Optimus Prime needed to die, because while, for an entire generation, he seemed to be a father figure and a larger than life hero, what he really represented was a lesson to children to do what they were told. Isn't it better that children learn that there are no easy answers in life, and we should all try to do the best we can?

7 comments:

  1. *Cue Moral Guardians raging at this analysis*

    For me, you make some very solid points in this article.

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  2. Agreed 100%. Everyone needs to learn that while we should trust our leaders they also aren't infallible and will screw up.

    Of course being British actually having respect and faith in government is a foreign concept to us. Now that I think about it we have a lot of "anti-authority" children's stories/comedies/all other types of media.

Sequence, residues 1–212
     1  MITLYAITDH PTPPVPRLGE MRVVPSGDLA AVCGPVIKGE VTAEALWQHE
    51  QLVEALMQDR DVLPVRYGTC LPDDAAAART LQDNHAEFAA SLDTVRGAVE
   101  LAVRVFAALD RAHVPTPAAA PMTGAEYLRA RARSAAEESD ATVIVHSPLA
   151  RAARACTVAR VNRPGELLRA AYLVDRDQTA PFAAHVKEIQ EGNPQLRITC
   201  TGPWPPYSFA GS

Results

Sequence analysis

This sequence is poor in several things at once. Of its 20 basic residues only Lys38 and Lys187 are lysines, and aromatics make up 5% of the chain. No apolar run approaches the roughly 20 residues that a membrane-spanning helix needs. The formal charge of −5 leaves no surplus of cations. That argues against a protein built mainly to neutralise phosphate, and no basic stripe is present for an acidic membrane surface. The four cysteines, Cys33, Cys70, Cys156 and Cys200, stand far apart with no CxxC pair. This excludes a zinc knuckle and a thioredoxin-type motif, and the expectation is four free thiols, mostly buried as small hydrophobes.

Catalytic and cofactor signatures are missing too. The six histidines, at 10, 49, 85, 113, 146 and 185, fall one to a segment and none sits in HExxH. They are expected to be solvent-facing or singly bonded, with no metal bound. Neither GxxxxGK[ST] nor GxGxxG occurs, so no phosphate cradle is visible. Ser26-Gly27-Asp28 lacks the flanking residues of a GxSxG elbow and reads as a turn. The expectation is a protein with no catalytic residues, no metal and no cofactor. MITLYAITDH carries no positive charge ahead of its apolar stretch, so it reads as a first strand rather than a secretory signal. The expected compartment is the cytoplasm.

"Optimus Prime needed to die, because while, for an entire generation, he seemed to be a father figure and a larger than life hero, what he really represented was a lesson to children to do what they were told. Isn't it better that children learn that there are no easy answers in life, and we should all try to do the best we can?"

    Or to put it another way: http://www.youtube.com/watch?v=03eSvNknlGo

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  3. The trouble is, Optimus Prime never died. For all fun Primal and Animated Optimus were, there's a million other Optimuses clearly designed to be like the original and perpetuate the same stuff. Which is pretty sad, even though Hasbro is a toy company and of course they have to stick with a formula.